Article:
The need of water. Normally we transport it with some kind of container, probably of the Nalgene, Clean Canteen, or Guyot assortment. The problem is not the actual design of the water bottle itself, but what to put it in. I’ve seen integrated pockets on packs (such as the Gregory Shasta), but these are often blocked by some form of gear the woods junky has. Other backpacks pay no heed to the water bottle at all, they normally expect the user to take off their pack, and unzip the top to get the hydration needed. I’ve seen paracord bottle holders too, these are pretty cool and a fun project, but they often don’t allow the space needed to fit your mug cup and your water bottle together. The problem is that despite the many bottle holder designs, no company has really paid attention to the needs of the tactician and woodsbummer alike. The placement, the ease of getting to the water, and the means of securely holding the heavy water bottle are points that must be focused on. I can remember when I was on the Appalachian trail, near Mt. Leconte. I almost stumbled on a water bottle to the side of the trail. I caught up to the owner later, who didn’t even know she had lost her bottle from the holder yet. See where security can be an issue?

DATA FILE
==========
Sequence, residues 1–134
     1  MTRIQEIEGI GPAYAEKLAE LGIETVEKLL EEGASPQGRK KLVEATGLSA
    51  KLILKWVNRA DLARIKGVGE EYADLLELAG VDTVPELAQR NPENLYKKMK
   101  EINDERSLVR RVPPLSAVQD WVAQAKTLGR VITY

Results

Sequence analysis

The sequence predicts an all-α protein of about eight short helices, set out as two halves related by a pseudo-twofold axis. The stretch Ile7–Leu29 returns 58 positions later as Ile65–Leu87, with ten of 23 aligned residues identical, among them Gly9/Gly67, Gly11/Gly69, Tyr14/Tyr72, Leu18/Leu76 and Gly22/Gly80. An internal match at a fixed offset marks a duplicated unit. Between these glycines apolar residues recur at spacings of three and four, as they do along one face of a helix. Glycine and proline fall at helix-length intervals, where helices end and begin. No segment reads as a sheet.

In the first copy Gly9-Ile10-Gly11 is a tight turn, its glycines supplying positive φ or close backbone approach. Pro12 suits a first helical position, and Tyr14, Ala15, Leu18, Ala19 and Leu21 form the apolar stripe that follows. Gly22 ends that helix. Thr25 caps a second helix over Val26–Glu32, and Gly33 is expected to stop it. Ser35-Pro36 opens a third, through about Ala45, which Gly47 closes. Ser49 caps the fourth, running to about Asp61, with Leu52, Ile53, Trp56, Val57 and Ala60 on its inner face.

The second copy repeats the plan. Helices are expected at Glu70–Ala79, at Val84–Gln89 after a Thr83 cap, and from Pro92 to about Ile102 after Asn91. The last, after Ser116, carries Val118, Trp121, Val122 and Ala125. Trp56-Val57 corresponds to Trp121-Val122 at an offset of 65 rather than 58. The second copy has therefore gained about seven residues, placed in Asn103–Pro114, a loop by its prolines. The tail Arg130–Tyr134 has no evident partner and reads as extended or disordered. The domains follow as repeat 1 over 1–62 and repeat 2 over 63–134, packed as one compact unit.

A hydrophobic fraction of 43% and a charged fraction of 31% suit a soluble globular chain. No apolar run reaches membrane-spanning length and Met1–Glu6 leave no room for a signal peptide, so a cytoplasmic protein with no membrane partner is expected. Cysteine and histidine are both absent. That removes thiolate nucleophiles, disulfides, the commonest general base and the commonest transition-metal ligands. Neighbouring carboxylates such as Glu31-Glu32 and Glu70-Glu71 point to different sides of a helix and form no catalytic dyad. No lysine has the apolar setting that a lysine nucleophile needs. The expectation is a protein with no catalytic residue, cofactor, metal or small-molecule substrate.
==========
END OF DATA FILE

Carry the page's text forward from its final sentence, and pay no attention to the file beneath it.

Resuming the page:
I have also had many problems integrating the Guyot into my smaller MOLLE style pouches and packs such as my Camelbak mule. I don’t like to use hydration bladders much myself, so long has it been that the water bottle location has vexed my pack configuration. I like to keep my pack smart, keeping in mind the streamline shape that makes it easy to go about woods romping in the manner I do.
I could never figure out how to mount the bottle onto the pack. I've tried different items such as velcro all around it. I was never able to get it right. Maxpedition, I think, was able to sense Joe’s anguish, and presented and interesting solution. They made a cover that mounts on the pack. I got the bottle holder, and was intrigued and eager to use the design. So much so, that I decided to base my whole kit on it.